Tuesday, December 6, 2011

What Did You Learn in School Today, Sweetie?

One's answer: "Today I learned in Health class that the dad of one of my classmates is in prison serving a life sentence. We've been talking about who we are and what we like about ourselves and what we don't, and when it was his turn he started talking about this and then he was just sobbing all of a sudden. It was awful."

Two's answer: "We did math, like, almost all day, even fractions. Because fractions are going to be on the STARR test and it's going to be a really hard test so we have to study a lot for it."

So I feel overwhelmed by One's answer. 11 is too young to deal with that. I don't want him to go to private school with kids whose parents have private jets at their disposal, but did he have to learn about "dads who go to jail" today? Really? Not that I blame that poor child for talking about it: I wouldn't want to do an "All About Me" project in Health class either if that was one of my talking points. But I'm feeling very much like a protective mama bear right now, and part of me wants to stuff One back into a shell for a few more years before releasing him into the wild.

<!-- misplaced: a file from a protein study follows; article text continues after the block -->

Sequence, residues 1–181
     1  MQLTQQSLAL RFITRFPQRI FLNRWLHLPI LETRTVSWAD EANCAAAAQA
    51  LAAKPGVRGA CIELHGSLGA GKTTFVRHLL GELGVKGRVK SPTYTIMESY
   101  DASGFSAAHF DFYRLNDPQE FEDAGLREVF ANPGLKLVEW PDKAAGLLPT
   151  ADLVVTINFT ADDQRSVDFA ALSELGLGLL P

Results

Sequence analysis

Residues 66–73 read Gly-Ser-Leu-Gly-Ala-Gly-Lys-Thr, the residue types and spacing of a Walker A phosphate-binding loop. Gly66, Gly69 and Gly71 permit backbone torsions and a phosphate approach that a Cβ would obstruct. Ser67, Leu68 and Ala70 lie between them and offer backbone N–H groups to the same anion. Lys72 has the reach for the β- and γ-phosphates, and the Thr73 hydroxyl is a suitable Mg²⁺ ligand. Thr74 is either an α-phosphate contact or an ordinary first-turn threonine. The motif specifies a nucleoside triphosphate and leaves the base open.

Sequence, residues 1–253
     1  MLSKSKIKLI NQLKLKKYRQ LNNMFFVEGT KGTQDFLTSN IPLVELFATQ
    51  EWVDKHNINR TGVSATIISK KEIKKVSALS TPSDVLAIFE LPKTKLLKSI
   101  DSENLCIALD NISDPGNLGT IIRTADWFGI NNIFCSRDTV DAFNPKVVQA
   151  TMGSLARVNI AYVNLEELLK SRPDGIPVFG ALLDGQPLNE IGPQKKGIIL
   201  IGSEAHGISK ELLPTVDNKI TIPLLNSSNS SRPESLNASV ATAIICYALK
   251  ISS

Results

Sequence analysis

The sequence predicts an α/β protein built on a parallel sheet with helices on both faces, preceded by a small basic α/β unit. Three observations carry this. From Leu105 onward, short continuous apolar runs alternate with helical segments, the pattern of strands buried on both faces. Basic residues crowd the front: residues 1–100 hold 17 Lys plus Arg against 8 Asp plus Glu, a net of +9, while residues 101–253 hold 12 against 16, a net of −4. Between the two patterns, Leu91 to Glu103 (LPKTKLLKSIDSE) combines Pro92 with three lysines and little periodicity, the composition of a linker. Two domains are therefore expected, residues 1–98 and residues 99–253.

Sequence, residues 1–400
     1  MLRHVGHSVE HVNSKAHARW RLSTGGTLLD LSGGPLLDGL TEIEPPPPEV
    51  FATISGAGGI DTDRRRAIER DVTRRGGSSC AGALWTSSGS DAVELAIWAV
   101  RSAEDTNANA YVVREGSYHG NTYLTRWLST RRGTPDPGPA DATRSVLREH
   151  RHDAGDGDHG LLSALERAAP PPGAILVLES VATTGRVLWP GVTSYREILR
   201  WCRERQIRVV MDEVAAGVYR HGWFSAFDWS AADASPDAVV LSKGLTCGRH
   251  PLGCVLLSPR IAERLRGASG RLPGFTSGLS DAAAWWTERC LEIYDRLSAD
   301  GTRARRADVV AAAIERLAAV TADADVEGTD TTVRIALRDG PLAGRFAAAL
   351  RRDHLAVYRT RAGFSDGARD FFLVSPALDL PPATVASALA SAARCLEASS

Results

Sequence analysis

Two's answer today is, in reality, the more troubling one (and yes, he frequently talks in onelongsentencelikethat. just in case you were wondering). This STARR test is the replacement for the state-wide TAKS, and most of what we've been told equates to "if you were commended on TAKS you'll barely pass STARR." For all of that, I don't give a rat's patootie about the damn test. I don't want anyone teaching anything because it's on some test written by a bunch of yahoos in Austin. I want my child to have a good, intelligent teacher and I want her to teach my child what a third grader should learn. Why does it have to be more complicated than that? Yes, I am aware that is merely a rhetorical question. But why does it have to be?

Fortunately for everyone, neither of the boys seem horribly upset about his day. It's just mom who got all stressed out. And that would be, of course, business as usual.

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